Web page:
Over past 20 years street prices have fallen while purity/potency has increased
The international war on illegal drugs is failing to curb supply, despite the increasing amounts of resource being ploughed into law enforcement activities, finds research published in the online journal BMJ Open.
Since 1990, the street price of illegal drugs has fallen in real terms while the purity/potency of what’s on offer has generally increased, both of which are indicators of availability.
The United Nations recently estimated that the illicit drug trade is worth at least US $350 billion every year. And needle sharing is one of the key drivers of blood borne infections, including HIV. The drug trade is also linked to high rates of violence.
Over the past several decades most national drug control strategies have focused on law enforcement to curb supply, despite calls to explore approaches, such as decriminalisation and strict legal regulation.
The researchers analysed data from seven international government-funded drug surveillance systems, which had at least 10 years of information on the price and purity of cannabis, cocaine and opiates, including heroin.
They also reviewed the number of seizures of illegal drugs in drug production regions and rates of consumption in markets where demand for illegal drugs is high.
Three of the seven surveillance systems reported on international data; three reported on US data; and one reported on data from Australia. In some cases the data went back as far as 1975, with the most recent data going back to 2001.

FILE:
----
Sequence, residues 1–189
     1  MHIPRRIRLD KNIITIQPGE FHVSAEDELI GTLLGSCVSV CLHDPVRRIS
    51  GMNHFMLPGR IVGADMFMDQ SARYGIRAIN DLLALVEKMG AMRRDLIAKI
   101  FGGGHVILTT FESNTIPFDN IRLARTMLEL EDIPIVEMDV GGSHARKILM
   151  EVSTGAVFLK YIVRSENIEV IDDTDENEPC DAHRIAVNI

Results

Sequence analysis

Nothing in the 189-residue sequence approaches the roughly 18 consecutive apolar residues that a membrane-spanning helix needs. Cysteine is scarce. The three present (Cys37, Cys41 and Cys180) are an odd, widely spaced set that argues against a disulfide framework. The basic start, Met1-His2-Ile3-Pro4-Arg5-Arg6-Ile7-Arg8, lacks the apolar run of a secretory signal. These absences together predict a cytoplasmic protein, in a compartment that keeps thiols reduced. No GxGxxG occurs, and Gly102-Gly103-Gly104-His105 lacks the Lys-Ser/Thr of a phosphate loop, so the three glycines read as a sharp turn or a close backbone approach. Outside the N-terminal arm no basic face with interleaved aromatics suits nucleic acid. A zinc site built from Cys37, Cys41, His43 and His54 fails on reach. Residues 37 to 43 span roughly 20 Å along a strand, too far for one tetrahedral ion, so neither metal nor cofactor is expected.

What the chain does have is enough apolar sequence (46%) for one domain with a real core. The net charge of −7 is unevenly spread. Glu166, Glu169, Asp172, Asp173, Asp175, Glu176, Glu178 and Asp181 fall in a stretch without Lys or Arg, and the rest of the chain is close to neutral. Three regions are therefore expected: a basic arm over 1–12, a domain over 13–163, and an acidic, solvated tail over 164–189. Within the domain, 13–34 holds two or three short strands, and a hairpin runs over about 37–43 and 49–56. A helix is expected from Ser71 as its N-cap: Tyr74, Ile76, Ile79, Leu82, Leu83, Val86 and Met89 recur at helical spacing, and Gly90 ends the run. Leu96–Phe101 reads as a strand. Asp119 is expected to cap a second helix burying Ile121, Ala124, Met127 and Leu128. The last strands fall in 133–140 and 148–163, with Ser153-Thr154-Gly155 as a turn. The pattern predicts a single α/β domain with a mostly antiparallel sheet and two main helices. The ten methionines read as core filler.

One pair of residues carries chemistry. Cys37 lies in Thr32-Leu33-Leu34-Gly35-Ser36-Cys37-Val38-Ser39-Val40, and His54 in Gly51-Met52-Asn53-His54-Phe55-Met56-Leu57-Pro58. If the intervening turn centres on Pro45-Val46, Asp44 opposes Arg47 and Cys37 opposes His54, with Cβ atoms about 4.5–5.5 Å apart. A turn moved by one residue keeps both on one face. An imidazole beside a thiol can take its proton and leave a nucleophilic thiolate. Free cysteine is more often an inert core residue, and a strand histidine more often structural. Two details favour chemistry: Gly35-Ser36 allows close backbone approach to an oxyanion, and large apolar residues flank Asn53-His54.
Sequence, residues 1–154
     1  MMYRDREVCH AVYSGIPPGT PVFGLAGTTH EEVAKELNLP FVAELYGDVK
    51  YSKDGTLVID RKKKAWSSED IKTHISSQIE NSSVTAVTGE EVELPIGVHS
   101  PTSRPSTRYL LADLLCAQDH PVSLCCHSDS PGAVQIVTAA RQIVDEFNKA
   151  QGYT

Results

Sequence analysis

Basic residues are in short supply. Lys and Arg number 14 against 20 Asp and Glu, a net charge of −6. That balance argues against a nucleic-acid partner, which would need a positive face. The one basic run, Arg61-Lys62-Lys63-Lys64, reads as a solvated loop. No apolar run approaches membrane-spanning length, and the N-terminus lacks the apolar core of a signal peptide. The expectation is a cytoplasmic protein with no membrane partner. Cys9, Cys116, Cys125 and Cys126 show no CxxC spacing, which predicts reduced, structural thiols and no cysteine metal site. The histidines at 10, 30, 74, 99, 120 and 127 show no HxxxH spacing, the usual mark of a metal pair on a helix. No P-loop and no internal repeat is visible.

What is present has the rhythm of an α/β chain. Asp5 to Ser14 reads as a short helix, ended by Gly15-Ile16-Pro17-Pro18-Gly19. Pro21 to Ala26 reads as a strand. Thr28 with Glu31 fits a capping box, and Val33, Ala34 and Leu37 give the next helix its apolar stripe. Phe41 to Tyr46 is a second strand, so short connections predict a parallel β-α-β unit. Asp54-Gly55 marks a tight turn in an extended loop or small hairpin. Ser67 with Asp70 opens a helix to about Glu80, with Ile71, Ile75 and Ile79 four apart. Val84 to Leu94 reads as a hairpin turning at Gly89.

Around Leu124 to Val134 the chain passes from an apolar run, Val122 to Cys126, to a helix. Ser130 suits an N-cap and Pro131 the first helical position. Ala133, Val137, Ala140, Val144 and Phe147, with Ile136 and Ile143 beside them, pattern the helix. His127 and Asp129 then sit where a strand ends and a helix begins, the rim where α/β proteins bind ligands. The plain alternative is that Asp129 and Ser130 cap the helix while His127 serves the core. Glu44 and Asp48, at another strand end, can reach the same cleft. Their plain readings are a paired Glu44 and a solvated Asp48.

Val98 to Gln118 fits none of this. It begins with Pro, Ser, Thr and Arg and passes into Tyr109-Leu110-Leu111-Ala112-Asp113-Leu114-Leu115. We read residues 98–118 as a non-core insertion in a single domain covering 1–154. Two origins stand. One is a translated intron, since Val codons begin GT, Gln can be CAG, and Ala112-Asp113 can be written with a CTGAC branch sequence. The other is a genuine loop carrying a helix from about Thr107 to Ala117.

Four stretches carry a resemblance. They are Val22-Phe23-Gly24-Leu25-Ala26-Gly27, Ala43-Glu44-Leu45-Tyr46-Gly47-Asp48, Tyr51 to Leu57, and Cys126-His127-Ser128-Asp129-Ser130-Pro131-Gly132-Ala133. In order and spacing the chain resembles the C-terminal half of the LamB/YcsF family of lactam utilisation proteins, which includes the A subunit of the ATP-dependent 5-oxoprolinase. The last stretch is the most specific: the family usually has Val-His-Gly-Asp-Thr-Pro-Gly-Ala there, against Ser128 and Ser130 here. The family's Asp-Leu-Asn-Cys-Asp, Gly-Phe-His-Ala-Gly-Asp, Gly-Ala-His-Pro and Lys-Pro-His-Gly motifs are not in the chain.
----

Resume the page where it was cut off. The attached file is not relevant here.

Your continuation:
Three major trends emerged from the data analysis: the purity/potency of illegal drugs either generally remained stable or increased between 1990 and 2010; with few exceptions, the street price generally fell; and seizures of drugs increased in both the countries of major supply and demand.
In the US, after adjusting for inflation and purity, the average street price of heroin, cocaine and cannabis fell by 81%, 80%, and 86%, respectively, whereas the purity and/or potency of these drugs increased by 60%, 11%, and 161%, respectively.
Similar trends were observed in Europe where, during the same period, the average price of opiates and cocaine, adjusted for inflation and purity, decreased by 74% and 51%, respectively, and in Australia, where the price of cocaine fell by 14% and the price of heroin and cannabis dropped by 49%.
In the US seizures of cocaine roughly halved between 1990 and 2010, but those of cannabis and heroin rose by 465% and 29%, respectively; in Europe seizures of cocaine and cannabis fluctuated, but seizures of heroin had risen 380% by 2009.
On the basis of the data, the authors conclude, as previous studies have, “that the global supply of illicit drugs has likely not been reduced in the previous two decades.”
They add: “In particular, the data presented in this study suggest that the supply of opiates and cannabis have increased, given the increasing potency and decreasing prices of these illegal commodities.”
And they conclude: “These findings suggest that expanding efforts at controlling the global illegal drug market through law enforcement are failing.”
“It is hoped that this study highlights the need to re-examine the effectiveness of national and international drug strategies that place a disproportionate emphasis on supply reduction at the expense of evidence based prevention and treatment of problematic illegal drug use,” they add.
In an accompanying podcast, co-author Dan Werb says that other indicators of the effectiveness of illegal drug policies are needed, such as rates of HIV related transmission.
[The temporal relationship between drug supply indicators: an audit of international government surveillance systems doi 10.1136/bmjopen-2013-003077]